Teaching at the Speed of Light: The Fiber-Optic Connection

By Mielke, Angela; Phelps, Sandra D. et al. | T H E Journal (Technological Horizons In Education), April 1989 | Go to article overview

Teaching at the Speed of Light: The Fiber-Optic Connection


Mielke, Angela, Phelps, Sandra D., Schwartz, David, T H E Journal (Technological Horizons In Education)


Teaching at the Speed of Light: The Fiber-Optic Connection

In the 1990s, change and federal involvement will determine the character of America's educational system. American demographic trends indicate major population shifts that will affect the American labor force. The teaching profession is expected to be hardhit. In 1971, approximately 15 percent of first-year college students indicated a preference for a teaching career. Today, however, only 8 percent of the 1987 freshman class would like to teach. These disturbing statistics, if unchanged, will have both a quantitative and qualitative impact upon the nation's school districts, colleges and universities. The way out will have to be through increased productivity from an attenuated workforce.

A recent case in point involves a Supreme Court ruling that Chapter 1 personnel provision of services on parochial campuses is unconstitutional. Public law (P.L. 97-35 Chapter 1) requires local educational agencies to provide equitable services to non-public schoolchildren. Chapter 1 services must, therefore, be provided but not on parochial properties.

An Alternative

Two Louisiana schools, Breaux Bridge and St. Martinville, have found a novel way to provide Chapter 1 programs to parochial students. The principals of these schools felt it imprudent to transport students daily from parochial to public schools and back again. Instead, they began a pilot program to evaluate the effectiveness of servicing parochial students through an integrated learning system (ILS) that utilizes a microcomputer/mainframe network. In this system, the mainframe that relays instructional programming is in the public school, and public school personnel serve parochial Chapter 1 students by linkage through computer terminals on the parochial campus. Students are assigned terminals by their classroom teachers, with instruction and progress controlled via computer and by Chapter 1 personnel. This sytem of public/parochial computerized coordination and assessment is acceptable to the federal court.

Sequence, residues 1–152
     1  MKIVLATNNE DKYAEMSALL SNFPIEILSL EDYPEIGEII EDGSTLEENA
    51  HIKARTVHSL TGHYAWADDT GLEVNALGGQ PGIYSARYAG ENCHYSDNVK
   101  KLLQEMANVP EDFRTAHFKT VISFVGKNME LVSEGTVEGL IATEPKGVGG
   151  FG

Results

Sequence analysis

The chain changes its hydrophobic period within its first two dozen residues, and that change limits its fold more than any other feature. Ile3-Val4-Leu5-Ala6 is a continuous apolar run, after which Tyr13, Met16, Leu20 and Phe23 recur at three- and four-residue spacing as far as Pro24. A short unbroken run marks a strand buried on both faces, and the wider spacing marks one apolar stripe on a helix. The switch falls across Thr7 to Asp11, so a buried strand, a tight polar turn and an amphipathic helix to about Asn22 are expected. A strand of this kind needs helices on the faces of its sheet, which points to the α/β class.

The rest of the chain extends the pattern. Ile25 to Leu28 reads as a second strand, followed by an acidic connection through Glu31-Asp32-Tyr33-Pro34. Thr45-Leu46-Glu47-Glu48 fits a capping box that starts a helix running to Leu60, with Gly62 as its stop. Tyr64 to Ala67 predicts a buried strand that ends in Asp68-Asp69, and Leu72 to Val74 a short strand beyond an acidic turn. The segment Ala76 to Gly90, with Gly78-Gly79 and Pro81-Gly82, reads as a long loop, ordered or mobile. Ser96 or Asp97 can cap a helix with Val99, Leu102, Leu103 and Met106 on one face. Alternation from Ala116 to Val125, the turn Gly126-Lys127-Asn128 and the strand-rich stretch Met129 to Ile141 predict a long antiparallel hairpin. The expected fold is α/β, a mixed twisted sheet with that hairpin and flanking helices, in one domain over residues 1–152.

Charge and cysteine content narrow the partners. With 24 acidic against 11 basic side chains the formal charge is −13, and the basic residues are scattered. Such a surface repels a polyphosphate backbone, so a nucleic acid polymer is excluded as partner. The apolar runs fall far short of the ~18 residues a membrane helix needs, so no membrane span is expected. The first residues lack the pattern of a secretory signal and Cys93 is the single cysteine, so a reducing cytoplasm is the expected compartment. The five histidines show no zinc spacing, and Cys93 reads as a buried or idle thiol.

Gerald Eddlemon, vice president of Statewide Teaching Aids and project director, notes that the general principle is to have a main computer console at the public school that feeds programming into off-site terminals on the parochial campus. Instruction originates at the public institution and is relayed to the private school. Student records are automatically saved on the public school's mainframe. Both public and private personnel receive inservice training on the operation of the system. Students access the ILS through individual log-on procedures, and the pace of instruction is determined by the student's progress.

The Process and The Cost

The Breaux Bridge/St. Martinville pilot program is believed to be the first of its kind to utilize an Apple/Corvus interface. Apple hardware was chosen because there is a deep reservoir of compatible instructional software to draw upon.

The first attempt tried to transmit data via ordinary telephone lines. After two months this system proved unworkable. It could cope neither with the transmission rates necessary nor with the transmission distances and the need to send network signals simultaneously to remote locations. …

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